Dave Rowell’s Barn Dance

It was all big: the barn dance in Dave Rowell’s big yellow barn in East Craftsbury, VT, last night; the crowd (hundreds); Dave himself (at the mike with the Starline Rythmn Boys); the fried chicken sandwiches served up by the Craftsbury General Store; the rebound in the barn’s wooden floor when the band played Whole Lotta Shakin’ Going On. The biggest Northeast Kingdom social event of the spring. To benefit the Craftsbury Public Library and the Craftsbury Chamber Players. Only in Vermont does a rockabilly band play to nurture the appreciation of chamber music.

Posted in barn dance, Northeast Kingdom, Spring, Vermont Tagged , , |

NOLA #2: Wedding, Second Line

New Orleans is an old city with a lot of traditions, one of which is the Second Line parade. In this case it was for a wedding. The parade usually goes from the ceremony to the reception, through the nearby streets. The First Line is a brass band and the happy couple, each of whom are swinging parasols. The second line is the rest of the wedding guests, walk-dancing to the music and often waving white handkerchiefs. In this case, first and second lines have arrived at the reception in the tourist-infested French Quarter and these are the final dance steps. If you’ve seen the HBO series Treme, you’ll know that a Second Line also works for funerals.

Posted in New Orleans, Second Line, weddings Tagged , |

New Orleans, #1

Sunday morning, New Orleans. I have no idea why this guy was carrying a briefcase early on a sunny Sunday morning, but he was heading for the riverfront (that’s a shipping crane in the distance on the other side of the river). When he got there he sat on a bench in the sun and watched the Mississippi and the strollers and joggers roll by. NOLA, Nawlins, The Big Easy, call it what you want, but it’s a slice of America you should experience. Great people, music, food and traditions. And excellent light. (Well, the French Quarter and Bourbon Street are overrun by tourists, but you can manage the crowds by choosing your time of day and steering clear.)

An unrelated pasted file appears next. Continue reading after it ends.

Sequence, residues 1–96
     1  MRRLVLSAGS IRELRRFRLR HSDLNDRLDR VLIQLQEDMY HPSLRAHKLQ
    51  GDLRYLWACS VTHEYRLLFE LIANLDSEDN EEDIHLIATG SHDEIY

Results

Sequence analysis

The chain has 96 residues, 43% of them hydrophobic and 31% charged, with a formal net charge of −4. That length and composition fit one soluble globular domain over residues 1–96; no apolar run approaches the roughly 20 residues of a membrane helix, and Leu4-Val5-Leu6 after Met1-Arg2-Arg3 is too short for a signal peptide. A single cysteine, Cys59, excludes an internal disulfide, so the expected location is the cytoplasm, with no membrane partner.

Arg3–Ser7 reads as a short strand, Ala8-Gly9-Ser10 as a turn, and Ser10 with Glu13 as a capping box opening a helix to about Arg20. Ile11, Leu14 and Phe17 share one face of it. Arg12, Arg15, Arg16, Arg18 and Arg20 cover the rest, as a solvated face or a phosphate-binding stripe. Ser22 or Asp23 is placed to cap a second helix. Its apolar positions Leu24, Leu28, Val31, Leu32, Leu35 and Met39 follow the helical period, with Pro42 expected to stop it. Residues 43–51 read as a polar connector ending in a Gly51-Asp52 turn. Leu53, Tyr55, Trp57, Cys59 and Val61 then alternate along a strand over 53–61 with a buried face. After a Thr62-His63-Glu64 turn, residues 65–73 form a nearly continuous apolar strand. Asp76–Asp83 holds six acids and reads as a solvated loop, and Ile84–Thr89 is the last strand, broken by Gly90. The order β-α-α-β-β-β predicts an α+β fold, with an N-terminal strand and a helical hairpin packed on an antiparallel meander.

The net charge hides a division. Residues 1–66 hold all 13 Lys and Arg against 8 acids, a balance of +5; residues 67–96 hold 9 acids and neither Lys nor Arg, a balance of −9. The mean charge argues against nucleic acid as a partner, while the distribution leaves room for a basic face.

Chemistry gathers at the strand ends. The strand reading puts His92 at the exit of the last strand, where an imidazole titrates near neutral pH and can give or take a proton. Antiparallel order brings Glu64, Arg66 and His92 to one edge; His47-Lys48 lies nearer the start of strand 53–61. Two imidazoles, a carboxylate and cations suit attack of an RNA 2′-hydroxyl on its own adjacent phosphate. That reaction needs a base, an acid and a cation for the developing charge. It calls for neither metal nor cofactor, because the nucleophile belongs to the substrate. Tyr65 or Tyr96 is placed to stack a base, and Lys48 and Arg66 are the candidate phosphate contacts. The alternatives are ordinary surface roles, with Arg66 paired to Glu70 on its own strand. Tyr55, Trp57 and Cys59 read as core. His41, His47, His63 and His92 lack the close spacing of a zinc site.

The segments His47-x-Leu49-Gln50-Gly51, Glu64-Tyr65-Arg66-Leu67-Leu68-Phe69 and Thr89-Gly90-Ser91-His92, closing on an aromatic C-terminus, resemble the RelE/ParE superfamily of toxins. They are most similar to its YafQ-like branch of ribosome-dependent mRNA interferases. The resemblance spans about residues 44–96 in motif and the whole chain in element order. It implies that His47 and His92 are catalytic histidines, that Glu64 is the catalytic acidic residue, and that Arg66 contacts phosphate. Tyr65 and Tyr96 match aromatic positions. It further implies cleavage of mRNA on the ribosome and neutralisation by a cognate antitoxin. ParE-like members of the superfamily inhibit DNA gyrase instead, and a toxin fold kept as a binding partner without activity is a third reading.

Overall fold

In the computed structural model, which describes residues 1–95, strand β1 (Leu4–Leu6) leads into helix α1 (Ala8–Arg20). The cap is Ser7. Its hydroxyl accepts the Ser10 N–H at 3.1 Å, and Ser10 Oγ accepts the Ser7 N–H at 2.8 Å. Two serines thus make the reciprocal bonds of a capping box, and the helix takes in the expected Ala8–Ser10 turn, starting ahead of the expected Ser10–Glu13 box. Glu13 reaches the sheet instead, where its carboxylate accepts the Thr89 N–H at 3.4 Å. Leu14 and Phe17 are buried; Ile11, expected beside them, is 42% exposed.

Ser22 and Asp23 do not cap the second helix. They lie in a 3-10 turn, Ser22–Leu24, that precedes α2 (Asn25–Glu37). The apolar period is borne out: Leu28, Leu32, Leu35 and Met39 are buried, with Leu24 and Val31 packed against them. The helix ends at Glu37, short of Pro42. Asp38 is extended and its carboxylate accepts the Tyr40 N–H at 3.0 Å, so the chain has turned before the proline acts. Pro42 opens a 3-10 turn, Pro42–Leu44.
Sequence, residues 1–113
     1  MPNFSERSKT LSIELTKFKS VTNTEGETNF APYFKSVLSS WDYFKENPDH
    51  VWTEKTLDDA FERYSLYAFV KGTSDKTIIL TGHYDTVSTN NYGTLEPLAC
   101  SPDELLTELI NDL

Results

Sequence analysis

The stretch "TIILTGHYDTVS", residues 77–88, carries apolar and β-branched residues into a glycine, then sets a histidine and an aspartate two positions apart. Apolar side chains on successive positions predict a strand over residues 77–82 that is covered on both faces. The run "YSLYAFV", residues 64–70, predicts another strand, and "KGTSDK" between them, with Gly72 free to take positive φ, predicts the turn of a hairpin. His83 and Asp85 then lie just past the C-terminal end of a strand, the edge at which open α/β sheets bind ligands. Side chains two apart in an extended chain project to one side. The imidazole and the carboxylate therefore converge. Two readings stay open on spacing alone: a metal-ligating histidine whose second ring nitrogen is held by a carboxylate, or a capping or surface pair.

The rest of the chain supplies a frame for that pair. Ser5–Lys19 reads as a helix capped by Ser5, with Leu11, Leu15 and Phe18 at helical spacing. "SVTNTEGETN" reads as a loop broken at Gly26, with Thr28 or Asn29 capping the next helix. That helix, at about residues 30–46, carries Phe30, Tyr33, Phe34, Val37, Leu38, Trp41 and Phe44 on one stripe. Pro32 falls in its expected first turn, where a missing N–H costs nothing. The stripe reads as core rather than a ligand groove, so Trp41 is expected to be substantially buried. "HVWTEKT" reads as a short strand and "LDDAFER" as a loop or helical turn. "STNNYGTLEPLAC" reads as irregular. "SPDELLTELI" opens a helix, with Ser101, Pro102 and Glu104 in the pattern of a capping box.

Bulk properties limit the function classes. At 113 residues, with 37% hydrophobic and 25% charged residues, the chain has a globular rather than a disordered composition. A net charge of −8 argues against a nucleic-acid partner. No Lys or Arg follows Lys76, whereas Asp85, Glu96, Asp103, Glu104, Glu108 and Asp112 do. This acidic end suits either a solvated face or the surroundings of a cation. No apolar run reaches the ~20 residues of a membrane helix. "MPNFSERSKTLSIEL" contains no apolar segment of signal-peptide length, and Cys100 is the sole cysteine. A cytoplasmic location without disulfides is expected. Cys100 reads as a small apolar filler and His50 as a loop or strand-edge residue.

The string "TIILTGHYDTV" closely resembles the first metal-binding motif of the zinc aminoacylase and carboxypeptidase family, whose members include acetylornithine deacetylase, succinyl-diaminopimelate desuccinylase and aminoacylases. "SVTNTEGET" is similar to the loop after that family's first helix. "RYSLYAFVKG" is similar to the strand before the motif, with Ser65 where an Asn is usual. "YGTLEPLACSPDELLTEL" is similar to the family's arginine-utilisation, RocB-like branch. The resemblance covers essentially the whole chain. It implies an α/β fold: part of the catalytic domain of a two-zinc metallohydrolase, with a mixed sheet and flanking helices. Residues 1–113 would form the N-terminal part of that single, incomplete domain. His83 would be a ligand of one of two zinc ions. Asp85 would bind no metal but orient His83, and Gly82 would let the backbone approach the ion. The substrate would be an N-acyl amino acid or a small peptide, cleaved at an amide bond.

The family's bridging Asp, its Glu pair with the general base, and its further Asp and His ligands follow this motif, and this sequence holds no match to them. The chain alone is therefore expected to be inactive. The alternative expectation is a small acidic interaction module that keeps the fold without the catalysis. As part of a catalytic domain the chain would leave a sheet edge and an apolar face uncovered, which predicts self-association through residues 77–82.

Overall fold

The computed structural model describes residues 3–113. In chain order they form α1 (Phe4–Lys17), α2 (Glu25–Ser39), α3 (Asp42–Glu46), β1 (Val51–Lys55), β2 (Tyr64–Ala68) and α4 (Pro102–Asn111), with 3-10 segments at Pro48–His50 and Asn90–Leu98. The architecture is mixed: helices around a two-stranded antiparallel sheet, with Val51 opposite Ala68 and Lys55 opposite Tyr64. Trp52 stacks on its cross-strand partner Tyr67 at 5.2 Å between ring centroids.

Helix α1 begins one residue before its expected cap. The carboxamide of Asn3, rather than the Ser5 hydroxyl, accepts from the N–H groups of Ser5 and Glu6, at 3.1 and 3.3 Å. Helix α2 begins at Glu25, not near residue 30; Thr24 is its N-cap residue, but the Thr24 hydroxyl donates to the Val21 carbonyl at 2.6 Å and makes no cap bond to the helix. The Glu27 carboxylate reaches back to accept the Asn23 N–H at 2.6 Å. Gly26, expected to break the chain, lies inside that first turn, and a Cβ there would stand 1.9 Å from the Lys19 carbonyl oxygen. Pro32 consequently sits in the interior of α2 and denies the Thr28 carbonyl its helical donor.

Posted in Louisiana, shadows, silhouette Tagged , , |

Daughter, Mother

Ran into these two in Harrisonburg, Virginia, having breakfast at The Little Grill Collective. I’ve heard it said that a window is the same thing as a big softbox (a piece of photography equipment that diffuses light for a softer look). Definitely true in this case. You can see the reflection of the window in the eyes. And there’s something familiar about these two …

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Parking Thicket

Well-dressed parking meter in downtown Birmingham, Alabama. Tim Cowan gets the credit for the headline.

Posted in urban design Tagged , , , |

Gulf of California and Baja California Sur

Cold, rainy, and snowy in Vermont, but not at Isla Espirtu Santo in the Gulf of California, near La Paz, Baja California Sur, Mexico. Water temperature 68-plus; daytime air temperature 75-plus; fish tacos for supper. The land is essentially a desert, but the gulf is one of the most diverse aquatic habitats on earth and we had knowledgable guides to explain the geology and marine biology we saw. Better place to be in April! Click here for a gallery.

Posted in Baja California, Gulf of California, kayaking, Mexico, sea kayaking Tagged , , , |

Agriculture on the Move